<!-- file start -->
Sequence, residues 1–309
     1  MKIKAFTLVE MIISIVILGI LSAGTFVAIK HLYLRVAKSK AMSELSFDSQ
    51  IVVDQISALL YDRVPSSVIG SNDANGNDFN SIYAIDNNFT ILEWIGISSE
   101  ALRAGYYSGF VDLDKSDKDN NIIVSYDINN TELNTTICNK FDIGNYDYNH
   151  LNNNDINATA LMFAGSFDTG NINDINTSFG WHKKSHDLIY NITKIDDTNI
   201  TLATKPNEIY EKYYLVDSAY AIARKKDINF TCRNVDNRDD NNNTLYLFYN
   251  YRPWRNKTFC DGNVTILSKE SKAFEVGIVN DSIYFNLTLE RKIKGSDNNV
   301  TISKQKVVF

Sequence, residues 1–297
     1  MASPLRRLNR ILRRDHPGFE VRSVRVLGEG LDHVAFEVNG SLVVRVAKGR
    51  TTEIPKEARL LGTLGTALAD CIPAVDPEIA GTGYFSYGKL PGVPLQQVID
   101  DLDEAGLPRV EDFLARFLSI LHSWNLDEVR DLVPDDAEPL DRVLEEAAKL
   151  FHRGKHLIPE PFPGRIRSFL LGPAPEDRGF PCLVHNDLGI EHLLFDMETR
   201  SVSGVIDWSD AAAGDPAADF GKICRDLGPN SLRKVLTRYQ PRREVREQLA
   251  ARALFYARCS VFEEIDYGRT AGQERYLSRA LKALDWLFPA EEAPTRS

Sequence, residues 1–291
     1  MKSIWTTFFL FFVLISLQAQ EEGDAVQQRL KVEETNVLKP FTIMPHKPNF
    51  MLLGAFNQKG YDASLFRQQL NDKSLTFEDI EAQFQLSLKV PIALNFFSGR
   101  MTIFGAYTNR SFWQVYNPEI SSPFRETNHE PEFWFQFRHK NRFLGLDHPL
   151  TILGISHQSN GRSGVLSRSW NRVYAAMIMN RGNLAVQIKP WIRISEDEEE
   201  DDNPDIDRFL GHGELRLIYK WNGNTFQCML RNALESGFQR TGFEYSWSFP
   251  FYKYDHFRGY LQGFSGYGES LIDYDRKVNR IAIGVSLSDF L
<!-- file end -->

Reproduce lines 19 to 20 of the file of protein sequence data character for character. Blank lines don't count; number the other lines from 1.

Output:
   101  MTIFGAYTNR SFWQVYNPEI SSPFRETNHE PEFWFQFRHK NRFLGLDHPL
   151  TILGISHQSN GRSGVLSRSW NRVYAAMIMN RGNLAVQIKP WIRISEDEEE